If you liked "Hush, Hush" you won't be disappointed.(less)
Ever had that feeling that a book gives you—where you know for sure that you’re totally in love with it, yet your head is so jumbled with its brilliance that even the day after you’ve finished reading it, you still can’t pinpoint the exact thing that made you love it? I feel like I can’t do it justice, even if I tried.
First, the main character. Completely awesome gal. Seriously. Worthy of a country girl. She must be from Kentucky. (Except this is a fantasy book, so she’ll have to settle from being from somewhere like Kentucky.) She’s a fighter and a kick-ass mother figure. She’s not only fiery and fierce, but kind and gentle. The way she worries over North is endearing and I can totally relate to her. She does have a few girly-girl moments, but please, don’t we all? This is a character I can get behind, a girl I can cheer for 100%. Always helps that she’s freaking hilarious.
“Syd, Syd, Syd,” he said, shaking his head.
"What?” I asked flatly. “Can we go up to our rooms yet?”
”Rooms!” He laughed. “What makes you think I got more than one? I’m not a money bag, you know.”
I sucked in a sharp breath. “That is completely inappropriate! It’s—It’s not proper, but apparently you wouldn’t know that. You wouldn’t know a moral if it slapped you in the face.”
You see the perfect blend of smart ass and chaste mother figure? And she carries this same attitude all throughout the book. I love her consistency, her believability, and cleverness. Sydelle has joined the ranks of my favorite heroines.
As for Mr. North. He could really be a scuzball sometimes but he’s really very sweet and the jerk-factor only makes for a more believable character. And the wizard thing is sexy. ;)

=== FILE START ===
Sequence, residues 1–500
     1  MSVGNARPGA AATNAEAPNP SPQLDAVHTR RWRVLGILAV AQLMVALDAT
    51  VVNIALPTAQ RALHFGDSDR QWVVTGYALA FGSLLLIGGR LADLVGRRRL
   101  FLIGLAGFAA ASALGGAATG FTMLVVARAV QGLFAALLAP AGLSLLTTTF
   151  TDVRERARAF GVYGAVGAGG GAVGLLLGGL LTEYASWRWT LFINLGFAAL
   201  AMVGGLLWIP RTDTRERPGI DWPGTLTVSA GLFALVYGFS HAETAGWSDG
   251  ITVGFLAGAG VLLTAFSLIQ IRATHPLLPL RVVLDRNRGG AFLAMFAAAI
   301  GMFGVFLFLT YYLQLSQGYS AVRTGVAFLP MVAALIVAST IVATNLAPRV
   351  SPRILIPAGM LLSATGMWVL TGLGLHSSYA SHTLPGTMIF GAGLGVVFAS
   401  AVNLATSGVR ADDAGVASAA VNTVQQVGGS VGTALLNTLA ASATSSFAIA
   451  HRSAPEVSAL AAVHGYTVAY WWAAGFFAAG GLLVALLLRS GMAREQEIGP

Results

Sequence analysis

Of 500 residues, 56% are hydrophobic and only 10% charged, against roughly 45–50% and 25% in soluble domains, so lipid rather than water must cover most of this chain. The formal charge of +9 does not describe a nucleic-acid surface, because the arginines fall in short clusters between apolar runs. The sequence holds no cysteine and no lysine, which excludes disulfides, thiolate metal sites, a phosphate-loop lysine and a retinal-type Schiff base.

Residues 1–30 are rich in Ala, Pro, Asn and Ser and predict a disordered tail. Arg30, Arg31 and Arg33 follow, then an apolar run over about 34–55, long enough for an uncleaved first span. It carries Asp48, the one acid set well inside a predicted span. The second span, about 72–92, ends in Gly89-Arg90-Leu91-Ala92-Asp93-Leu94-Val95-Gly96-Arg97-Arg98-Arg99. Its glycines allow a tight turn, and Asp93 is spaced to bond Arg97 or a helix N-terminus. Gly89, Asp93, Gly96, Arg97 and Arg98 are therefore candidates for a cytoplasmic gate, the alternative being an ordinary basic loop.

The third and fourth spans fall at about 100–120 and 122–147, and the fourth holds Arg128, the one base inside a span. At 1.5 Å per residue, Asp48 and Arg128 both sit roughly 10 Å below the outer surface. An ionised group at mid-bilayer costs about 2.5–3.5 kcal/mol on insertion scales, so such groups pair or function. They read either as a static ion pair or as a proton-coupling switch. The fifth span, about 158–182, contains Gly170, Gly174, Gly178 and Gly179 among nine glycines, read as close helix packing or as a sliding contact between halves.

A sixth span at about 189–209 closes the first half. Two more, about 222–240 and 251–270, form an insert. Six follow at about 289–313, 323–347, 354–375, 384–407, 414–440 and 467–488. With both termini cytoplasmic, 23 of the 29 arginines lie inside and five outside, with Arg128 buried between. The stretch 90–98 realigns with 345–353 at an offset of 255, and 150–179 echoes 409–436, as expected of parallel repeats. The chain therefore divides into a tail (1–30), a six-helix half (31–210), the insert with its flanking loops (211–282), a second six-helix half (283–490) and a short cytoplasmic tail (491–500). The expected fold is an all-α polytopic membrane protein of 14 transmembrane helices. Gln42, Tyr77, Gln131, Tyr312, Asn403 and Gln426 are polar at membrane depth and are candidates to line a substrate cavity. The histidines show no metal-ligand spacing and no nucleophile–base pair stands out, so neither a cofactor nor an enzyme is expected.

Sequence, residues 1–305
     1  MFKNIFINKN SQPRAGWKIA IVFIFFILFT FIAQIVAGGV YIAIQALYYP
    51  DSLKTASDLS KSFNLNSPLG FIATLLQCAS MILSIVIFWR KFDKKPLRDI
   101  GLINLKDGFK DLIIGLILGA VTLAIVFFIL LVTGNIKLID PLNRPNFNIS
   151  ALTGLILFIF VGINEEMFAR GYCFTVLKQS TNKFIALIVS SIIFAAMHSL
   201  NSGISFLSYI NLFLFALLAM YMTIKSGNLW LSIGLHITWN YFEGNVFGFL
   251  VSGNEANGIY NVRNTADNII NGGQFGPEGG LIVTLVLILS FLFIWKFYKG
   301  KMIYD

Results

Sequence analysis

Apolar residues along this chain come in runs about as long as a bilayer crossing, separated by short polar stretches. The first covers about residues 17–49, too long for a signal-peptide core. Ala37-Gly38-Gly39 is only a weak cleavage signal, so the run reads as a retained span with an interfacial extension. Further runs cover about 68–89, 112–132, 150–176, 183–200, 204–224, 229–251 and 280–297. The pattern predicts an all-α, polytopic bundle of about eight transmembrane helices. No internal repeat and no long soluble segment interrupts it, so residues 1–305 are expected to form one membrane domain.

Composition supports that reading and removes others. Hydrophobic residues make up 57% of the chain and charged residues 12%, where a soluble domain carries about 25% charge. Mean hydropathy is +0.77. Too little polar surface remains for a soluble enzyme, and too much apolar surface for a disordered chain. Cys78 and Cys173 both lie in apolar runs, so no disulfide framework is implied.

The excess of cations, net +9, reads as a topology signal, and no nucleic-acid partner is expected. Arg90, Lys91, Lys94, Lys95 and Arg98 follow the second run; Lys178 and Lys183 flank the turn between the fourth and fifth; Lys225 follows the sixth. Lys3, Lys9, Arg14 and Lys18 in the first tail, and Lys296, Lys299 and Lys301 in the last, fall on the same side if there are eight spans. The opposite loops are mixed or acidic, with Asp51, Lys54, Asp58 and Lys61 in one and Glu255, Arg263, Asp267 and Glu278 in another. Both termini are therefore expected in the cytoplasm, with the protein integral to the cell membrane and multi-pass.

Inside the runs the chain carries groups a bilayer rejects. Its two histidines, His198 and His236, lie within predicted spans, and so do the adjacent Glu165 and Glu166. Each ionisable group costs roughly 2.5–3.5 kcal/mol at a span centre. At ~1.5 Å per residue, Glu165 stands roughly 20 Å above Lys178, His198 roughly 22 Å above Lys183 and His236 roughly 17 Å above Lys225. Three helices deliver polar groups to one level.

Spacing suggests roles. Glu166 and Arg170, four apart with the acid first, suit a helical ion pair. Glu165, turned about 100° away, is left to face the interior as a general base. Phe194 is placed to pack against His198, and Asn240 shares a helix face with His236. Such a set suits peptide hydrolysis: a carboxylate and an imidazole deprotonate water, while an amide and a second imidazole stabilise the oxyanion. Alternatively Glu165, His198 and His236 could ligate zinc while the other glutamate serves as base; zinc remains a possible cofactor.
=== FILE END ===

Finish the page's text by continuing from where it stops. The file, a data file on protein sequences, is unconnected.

Overall, I loved the romance (even though the love triangle was a little too weakly represented for the impact it had on Sydelle). It wasn’t done too quickly, which is always an important aspect to me. (I really hate it when romances advance too quickly. It makes it harder to believe.) Alexandra Bracken handled it perfectly, not stretching it out too far (almost—the suspense was killing me) and not launching into it too quickly.
But let’s talk about the writing: It was fantastic. Can’t put it any other way. Well, I could go on and on about how awesome it was, how it was so simple and elegant that it painted perfect little scenes in my head. It wasn’t hard to understand and it wasn’t so over saturated with fluffiness that it was distracting.
In combination with the characters, the romance and the writing, it made for an excellent plot. It was engaging and exciting. I was watching for the cliché parts that are pitfalls for authors but I didn’t find any. It wasn’t overly cliché (always a plus) and Alexandra Bracken didn’t spare her characters any of life’s heartaches.
It really sucks that there isn’t a sequel, though. :( I just know that I’m going out to buy this book first chance I get. I need a copy of this stash of awesomeness for my bookshelf.
In conclusion, Alexandra Bracken has not only become one my favorite authors, but her characters have become a favorite as well. If you like authors like Cinda Williams Chima, Maria V. Snyder, or Kristin Cashore, you’ll love to add Alexandra Bracken to your list.(less)